Teperdexrian

The Interesting, The Strange, The News.

Posts Tagged ‘astronomy

Scientists plan $1.5bn laser strong enough ‘to tear the fabric of space

leave a comment »

A laser powerful enough to tear apart the fabric of space could be built in Britain.

The major scientific project will follow in the footsteps of the Large Hadron Collider and will answer questions about the universe.

The laser will be capable of producing a beam of light so intense that it will be similar to the light the earth receives from the sun but focused on a speck smaller than a pin prick.

Extreme: A laser powerful enough to tear apart the fabric of space could be built in Britain

Extreme: A laser powerful enough to tear apart the fabric of space could be built in Britain.

Scientists say it will be so powerful they will be able to boil the very fabric of space and create a vacuum.

A vacuum fizzles with mysterious particles that come in and out of existence but the phenomenon happens so fast that no-one has ever actually been able to prove it.

It is hoped the Extreme Light Infrastructure Ultra-High Field Facility would allow scientists to prove the particles are real by pulling the vacuum fabric apart.

Scientists even believe it might help them to prove whether other dimensions actually exist.

This latest experiment will follow the footsteps of the Large Hadron Collider and be the next big scientific experiment

This latest experiment will follow the footsteps of the Large Hadron Collider and be the next big scientific experiment.

Professor John Collier, a scientific leader for the ELI project and director of the Central Laser Facility at Rutherford Appleton Laboratory in Didcot, Oxfordshire, said the laser would be the most powerful on earth.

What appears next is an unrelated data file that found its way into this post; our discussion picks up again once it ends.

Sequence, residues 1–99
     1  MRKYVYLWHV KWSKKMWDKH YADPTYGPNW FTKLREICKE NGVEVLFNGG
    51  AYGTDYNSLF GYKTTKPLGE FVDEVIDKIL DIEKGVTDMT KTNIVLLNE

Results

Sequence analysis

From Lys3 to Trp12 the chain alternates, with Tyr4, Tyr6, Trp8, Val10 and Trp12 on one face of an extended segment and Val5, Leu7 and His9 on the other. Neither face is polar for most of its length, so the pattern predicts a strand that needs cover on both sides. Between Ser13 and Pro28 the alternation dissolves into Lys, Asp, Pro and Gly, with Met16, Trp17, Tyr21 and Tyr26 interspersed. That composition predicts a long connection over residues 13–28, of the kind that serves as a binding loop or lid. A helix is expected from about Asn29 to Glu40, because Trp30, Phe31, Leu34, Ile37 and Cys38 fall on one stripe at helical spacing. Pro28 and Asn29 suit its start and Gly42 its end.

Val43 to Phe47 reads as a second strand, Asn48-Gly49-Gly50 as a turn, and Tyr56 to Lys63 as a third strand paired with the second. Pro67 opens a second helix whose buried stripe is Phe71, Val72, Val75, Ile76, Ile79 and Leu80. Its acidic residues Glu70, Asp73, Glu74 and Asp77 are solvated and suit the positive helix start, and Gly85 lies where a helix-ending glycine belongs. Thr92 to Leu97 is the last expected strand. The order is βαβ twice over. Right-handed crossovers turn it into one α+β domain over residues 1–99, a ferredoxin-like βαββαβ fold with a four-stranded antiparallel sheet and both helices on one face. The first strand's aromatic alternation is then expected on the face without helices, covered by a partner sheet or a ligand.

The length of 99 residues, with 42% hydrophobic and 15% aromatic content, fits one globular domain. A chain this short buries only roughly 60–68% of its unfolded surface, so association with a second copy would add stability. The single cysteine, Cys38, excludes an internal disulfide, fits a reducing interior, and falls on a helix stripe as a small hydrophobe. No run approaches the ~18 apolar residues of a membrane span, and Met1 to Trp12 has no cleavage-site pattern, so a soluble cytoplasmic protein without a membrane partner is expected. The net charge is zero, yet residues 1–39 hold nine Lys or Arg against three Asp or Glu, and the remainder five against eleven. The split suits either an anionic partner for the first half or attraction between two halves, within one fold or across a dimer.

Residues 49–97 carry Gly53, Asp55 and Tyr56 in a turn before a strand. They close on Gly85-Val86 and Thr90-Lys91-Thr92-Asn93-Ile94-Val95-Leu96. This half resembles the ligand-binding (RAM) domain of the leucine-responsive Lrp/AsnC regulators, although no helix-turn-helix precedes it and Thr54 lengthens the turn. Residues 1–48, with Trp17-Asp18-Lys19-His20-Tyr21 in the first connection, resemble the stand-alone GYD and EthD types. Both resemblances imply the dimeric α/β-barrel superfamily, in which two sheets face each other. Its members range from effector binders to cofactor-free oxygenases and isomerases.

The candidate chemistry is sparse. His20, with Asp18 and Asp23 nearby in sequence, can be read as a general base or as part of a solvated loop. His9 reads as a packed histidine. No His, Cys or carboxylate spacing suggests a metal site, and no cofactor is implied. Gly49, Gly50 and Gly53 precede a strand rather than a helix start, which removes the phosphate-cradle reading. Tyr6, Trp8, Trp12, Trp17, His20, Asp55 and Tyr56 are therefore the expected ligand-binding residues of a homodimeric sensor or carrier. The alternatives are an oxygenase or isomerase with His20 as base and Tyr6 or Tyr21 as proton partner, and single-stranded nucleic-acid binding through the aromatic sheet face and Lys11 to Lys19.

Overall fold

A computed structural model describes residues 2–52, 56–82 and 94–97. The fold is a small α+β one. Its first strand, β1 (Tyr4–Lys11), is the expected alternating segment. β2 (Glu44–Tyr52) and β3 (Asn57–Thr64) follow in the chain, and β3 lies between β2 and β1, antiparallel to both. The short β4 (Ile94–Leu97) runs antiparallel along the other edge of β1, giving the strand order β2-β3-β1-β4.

‘At this kind of intensity we start to get into unexplored territory as it is an area of physics that we have never been before,’ he told the Sunday Telegraph.

The ELI ultra-high field laser, which will be completed by the end of the decade, will cost £1bn and the UK is among a number of European countries in the running to house it.

The European Commission has already authorised plans for three more lasers which will become prototypes for the ultra-high field laser.

Scientists hope the laser will also allow them to see how particles inside an atom behave and it is hoped it might be able to explain the mystery of why the universe contains more matter than previously detected by revealing what dark matter really is.

HOW IT WILL WORK

  • The ultra-high field laser will be made up of 10 beams – each more powerful than the prototype lasers.
  • It will produce 200 petawatts of power – more than 100,000 times the power of the world’s combined electricity production but in less than a trillionth a second.
  • The energy needed to power the laser will be stored up beforehand and then used to produce a beams several feet wide which will then be combined and eventually focused down onto a tiny spot.
  • The intensity of the beam is so powerful and will produce such extreme conditions, that do not even exist in the center of the sun.

Powerful: The ultra-high field laser will be made up of 10 beams - each more powerful than the prototypes

Powerful: The ultra-high field laser will be made up of 10 beams – each more powerful than the prototypes.

Via DailyMail

‘Super-Earth’ Found in Habitable Zone

leave a comment »